Balls are the mechanism for lots of fun in the Toying with Science exhibit.

Having A Ball

Along the back wall we found a huge setup that involved tubes, levers, gears, and other contraptions that allowed us to alter the path of balls as they cruise through their maze. Nearby, another exhibit had a series of air nozzles that challenged visitors to attempt to get a series of balls to float in unison.

An air blaster is demonstrated by Crystal.

Another air powered device was a drum with a rubber membrane attached. By beating on the membrane, it would send air waves toward a panel covered with shiny discs. These would flutter with the breeze and showed how air patterns work. It didn’t take us long to understand why this gallery was so popular with people. We watched others as they raced tennis balls along a series of ramps that show how angles affect speed. In another section of the gallery, a couple of people worked to assemble paper rockets that they could launch to compete for distance. Perhaps you are starting to see why we enjoy visiting science centers.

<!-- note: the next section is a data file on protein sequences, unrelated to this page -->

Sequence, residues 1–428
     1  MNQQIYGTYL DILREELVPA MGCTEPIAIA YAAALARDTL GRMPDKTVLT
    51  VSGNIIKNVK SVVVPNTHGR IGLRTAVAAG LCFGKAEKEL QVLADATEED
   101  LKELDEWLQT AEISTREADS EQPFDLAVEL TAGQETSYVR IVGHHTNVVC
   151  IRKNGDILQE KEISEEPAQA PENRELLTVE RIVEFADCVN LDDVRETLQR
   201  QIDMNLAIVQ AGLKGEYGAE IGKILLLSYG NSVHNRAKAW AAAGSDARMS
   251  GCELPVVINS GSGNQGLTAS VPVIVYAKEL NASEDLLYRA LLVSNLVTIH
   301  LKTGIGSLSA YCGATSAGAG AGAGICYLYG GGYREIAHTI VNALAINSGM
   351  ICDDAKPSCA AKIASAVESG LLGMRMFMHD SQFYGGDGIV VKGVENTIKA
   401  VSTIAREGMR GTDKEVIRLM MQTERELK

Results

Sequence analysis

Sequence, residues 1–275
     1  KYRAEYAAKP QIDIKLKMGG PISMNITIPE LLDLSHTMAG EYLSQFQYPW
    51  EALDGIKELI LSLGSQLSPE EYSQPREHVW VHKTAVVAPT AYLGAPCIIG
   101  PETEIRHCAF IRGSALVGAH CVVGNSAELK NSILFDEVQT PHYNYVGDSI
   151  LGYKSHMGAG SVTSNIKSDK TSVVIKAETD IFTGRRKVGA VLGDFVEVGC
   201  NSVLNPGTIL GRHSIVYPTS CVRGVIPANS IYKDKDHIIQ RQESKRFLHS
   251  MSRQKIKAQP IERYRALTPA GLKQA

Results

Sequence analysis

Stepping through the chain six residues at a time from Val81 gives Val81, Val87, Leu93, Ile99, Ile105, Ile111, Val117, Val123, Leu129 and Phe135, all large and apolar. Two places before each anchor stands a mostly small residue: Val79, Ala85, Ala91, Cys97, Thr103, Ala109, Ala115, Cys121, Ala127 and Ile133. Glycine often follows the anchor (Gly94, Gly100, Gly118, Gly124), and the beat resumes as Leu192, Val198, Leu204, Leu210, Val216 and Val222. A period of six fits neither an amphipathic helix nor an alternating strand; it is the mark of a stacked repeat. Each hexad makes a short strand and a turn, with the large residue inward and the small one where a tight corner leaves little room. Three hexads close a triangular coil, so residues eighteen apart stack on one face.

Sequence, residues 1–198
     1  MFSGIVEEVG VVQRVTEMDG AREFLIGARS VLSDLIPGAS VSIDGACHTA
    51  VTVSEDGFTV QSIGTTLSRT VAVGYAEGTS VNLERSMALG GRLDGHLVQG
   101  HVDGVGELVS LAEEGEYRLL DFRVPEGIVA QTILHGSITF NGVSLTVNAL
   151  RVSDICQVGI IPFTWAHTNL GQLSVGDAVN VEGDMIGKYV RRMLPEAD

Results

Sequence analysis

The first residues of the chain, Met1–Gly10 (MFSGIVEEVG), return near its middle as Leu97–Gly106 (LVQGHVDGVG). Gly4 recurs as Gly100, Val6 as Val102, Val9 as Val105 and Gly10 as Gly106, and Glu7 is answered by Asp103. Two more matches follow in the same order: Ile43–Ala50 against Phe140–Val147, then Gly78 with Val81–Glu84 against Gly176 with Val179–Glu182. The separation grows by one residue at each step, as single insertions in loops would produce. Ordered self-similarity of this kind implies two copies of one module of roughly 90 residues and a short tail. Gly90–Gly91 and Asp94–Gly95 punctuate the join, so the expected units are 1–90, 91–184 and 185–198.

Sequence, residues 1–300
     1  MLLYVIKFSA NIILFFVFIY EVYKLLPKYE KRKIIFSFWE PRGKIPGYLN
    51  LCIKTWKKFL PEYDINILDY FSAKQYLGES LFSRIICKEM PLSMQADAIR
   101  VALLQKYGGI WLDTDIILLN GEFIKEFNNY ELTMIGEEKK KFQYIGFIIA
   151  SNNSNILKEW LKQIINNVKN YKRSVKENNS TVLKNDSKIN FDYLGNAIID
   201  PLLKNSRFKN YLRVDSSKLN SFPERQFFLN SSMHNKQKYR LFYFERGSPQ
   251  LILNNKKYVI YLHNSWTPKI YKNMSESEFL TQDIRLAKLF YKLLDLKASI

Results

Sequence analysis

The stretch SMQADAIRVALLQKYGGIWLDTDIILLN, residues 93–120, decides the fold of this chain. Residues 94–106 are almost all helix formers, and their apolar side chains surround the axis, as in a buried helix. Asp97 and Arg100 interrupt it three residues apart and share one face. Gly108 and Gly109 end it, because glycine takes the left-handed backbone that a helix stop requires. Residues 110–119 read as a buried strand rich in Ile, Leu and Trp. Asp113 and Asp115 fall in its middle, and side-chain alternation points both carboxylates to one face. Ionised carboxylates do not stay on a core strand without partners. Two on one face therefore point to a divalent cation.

A spinning table is used to demonstrate how centrifugal force affects the travel of planets through the solar system.

Moving Into A Different Space

The next series of displays are contained in the Why The Sky? exhibit. It begins with a short introduction to human space travel, before moving into displays focused on explaining many of the mysteries of the universe. A spinning table demonstrates centrifugal force by allowing guests to experiment with various items like ping pong balls. This was another of those popular displays, so we only got to watch others playing with it. The display helps drive home the importance of gravity when dealing with centrifugal forces of nature. Otherwise all of the planets would shoot out through space.

A plasma ball is a perfect example of explaining what stars are made of.

With everyone focused on the spinning table, we moved on to some of the other displays. We are sure many of you have seen and maybe even played with plasma balls. These interesting little “toys” are actually a scientific device that many use merely for enjoyment. Now that we know more, we will certainly remember back to this visit whenever we see one in the future. If the goal of the Science Center of Iowa was to teach us something, it was doing a great job.